A few months later, Mathabane decides that he wants to die. The world seems too full of suffering and the future seems to hold no hope for him. Although he’s always been a fighter like his mother, on a particular winter afternoon he feels “unloved, unwanted, abandoned, and betrayed” by the world. Mathabane takes a long butterfly knife and contemplates how he will kill himself, thinking he will run himself through like a gladiator in a movie. As he thinks about this, doubts linger. His mother finds him, and though he tries to hide the knife from her, she’s already seen it.
Mathabane’s suicide attempt arises from his feeling that he has no future as a black man under apartheid, other than one filled with suffering and death. In addition to the structural and familial challenges of surviving apartheid, this suggests that black people must also face great psychological challenges as they try to cope and find a reason to live in the face of endless suffering.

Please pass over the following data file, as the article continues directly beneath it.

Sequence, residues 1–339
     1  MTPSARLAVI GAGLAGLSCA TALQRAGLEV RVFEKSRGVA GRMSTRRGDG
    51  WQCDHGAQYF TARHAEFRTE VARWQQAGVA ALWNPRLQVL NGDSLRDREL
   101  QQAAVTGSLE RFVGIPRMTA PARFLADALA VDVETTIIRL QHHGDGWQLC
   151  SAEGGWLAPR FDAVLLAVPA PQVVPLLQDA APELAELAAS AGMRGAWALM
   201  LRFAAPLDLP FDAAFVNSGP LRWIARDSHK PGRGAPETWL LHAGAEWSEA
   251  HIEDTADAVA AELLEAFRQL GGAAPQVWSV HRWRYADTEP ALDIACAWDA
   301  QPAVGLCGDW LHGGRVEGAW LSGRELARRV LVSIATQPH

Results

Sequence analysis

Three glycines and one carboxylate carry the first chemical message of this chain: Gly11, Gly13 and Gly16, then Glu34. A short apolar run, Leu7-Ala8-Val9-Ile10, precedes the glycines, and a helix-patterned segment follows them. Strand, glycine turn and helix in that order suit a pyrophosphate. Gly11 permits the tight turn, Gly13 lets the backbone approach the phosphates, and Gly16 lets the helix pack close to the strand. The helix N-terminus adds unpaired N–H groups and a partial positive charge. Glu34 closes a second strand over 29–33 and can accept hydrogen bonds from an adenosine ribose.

In a fearful voice, Mathabane asks if anyone will miss him if he dies. His mother reminds him of how much his sisters and brother need an older sibling to look out for them, to care for and protect them. Mathabane realizes she is right. His mother tells him that most of all, she would miss him. He is her greatest hope in the world, and she would want to die if he died. Mathabane’s mother hugs him and he gives her the knife. She pays close attention to his moods from that day forward.
Mathabane’s mother reminds him of the people in his life who love him and depend on him, suggesting that the key to surviving such trauma and hopelessness is recognizing one’s position among their family and community—an individual’s suicide affects not only them, but the people around them as well.